What! No Will or Trust? Wisconsin Rule for Succession

For some, the economy is trending positively while for others, reform is in the air.  But withstanding the climatic polar vortex (an appropriate metaphor for the pundits’ views on the economy, Fed policy, geopolitical relationships, and even tax law), all can probably agree that the only constant today is change, and ‘one day at a time’ with a keen eye on consequences is the best way to maintain balance.

CHANGE IN WISCONSIN LAW.  First, among other changes in recently passed and proposed legislation are substantially modified Wisconsin’s trust laws.  These may affect your trust provisions to some extent worthy of revisiting with your legal and tax advisors.  Second, Wisconsin’s lemon law is less strict now than it was before, and third, an apology made by a health care provider is not admissible into evidence at trial or other hearing.  There is no longer strict liability for a doctor who incorrectly diagnoses a patient’s condition…and much more!

CHANGE IN THE FEDERAL GIFT AND ESTATE TAX CODE AMOUNTS.  The 2014 federal annual gift tax exclusion has been increased to $14,000 for each recipient.  The estate and gift tax exemption is now $5,250,000.  Therefore, the vast majority of people will not need an elaborate tax plan to secure and distribute assets upon one’s death, including a marriage exemption that is now double that amount.  The federal portability election softens the $10,500,000 even more.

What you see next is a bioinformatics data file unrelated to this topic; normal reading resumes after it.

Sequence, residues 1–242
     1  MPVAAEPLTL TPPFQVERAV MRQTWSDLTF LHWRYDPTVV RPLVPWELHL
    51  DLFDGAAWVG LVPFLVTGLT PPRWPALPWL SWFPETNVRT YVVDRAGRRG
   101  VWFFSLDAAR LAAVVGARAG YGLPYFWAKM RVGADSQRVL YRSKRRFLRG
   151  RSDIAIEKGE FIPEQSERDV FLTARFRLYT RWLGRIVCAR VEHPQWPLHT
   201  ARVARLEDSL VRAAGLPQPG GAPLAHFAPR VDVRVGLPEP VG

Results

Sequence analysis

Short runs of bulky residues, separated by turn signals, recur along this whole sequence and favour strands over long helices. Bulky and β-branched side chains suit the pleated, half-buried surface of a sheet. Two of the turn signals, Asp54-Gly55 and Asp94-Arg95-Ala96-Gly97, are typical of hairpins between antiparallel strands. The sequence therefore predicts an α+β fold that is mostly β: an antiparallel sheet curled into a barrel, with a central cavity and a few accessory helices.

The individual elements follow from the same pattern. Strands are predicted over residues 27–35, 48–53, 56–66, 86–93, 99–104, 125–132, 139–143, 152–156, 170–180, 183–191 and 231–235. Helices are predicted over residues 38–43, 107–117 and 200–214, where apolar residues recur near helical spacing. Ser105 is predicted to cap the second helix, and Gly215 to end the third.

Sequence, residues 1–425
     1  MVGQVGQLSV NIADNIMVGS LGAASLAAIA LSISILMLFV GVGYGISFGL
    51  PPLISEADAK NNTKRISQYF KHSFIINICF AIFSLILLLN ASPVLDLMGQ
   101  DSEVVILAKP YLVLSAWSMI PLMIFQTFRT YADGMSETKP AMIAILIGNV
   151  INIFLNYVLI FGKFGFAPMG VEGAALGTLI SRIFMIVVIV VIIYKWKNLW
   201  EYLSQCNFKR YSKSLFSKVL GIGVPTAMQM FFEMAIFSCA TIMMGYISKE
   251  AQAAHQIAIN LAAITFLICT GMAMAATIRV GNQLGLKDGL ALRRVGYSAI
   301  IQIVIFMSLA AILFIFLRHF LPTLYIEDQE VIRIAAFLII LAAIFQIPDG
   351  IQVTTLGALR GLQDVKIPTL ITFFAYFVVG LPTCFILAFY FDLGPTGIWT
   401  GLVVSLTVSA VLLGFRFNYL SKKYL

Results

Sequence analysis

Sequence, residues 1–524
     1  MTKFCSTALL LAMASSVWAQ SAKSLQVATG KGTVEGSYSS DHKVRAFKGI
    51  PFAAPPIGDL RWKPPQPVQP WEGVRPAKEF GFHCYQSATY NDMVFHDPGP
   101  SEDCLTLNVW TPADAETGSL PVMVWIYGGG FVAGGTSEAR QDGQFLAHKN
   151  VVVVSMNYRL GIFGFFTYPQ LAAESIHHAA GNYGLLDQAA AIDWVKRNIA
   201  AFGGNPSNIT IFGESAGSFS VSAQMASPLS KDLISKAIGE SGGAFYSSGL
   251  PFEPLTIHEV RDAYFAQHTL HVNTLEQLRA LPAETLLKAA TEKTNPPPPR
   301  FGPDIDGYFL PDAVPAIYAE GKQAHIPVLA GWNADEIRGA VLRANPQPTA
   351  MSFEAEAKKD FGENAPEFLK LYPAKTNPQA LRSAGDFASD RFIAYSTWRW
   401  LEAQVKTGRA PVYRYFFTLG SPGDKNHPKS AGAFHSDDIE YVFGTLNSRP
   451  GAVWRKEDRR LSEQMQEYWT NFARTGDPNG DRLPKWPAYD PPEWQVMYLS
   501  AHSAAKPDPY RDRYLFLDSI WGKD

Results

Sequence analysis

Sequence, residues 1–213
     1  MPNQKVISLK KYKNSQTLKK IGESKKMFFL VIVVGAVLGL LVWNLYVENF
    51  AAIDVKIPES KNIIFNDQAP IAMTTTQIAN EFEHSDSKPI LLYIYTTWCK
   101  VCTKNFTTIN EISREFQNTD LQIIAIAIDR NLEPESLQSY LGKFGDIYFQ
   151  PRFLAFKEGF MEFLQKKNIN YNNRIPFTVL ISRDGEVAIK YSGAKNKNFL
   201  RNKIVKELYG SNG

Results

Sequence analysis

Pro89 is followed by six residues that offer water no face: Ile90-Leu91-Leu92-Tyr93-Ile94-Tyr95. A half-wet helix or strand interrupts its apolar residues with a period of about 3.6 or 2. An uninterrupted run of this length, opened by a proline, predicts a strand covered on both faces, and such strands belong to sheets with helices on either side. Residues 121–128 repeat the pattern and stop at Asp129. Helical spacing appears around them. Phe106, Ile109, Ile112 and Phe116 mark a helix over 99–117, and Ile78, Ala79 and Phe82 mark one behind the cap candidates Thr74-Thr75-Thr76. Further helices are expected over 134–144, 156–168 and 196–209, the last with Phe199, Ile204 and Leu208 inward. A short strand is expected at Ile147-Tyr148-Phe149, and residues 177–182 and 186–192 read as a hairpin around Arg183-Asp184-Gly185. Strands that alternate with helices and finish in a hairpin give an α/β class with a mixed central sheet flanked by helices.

CONTINUED NEED FOR PERSONAL PLANNING.  In your personal estate planning, whether will or trust, you still should (1) appoint your Personal Representative [executor], Trustee, (2) clarify beneficiaries, (3) confirm your gifts to successive beneficiaries, (4) nominate guardians for minor children, (5) set out at what ages children will receive even a percentage of their estate, and (6) set out rules for your trustee to administer assets for minor children, like smart phones, tablets, laptops, computers, education, living expenses, and cars.  Additional legal instruments include preparation of an Asset Power of Attorney (APoA),  Living Will, Health Care Power of Attorney (HCPOoA), a more detailed Addendum to your HCPOA, possibly a religious addendum to your HCPoA, a HIPAA Release for important medical information, and a Guardian Release [for example, from parents to grandparents or a babysitter for medical purposes].   State forms are available for some of these, and our website (http://www.AttroneyBarry.com) offers on-line locations to download and print out the forms for Living Wills and Health Care Powers of Attorney.  However, use these with caution, even as the Asset Power of Attorney form may not be as complete for you as one specifically drafted to include necessary and relevant provisions you. For example, the APoA does not include any specific real estate provisions. We can help navigate and refine these to address your specific needs.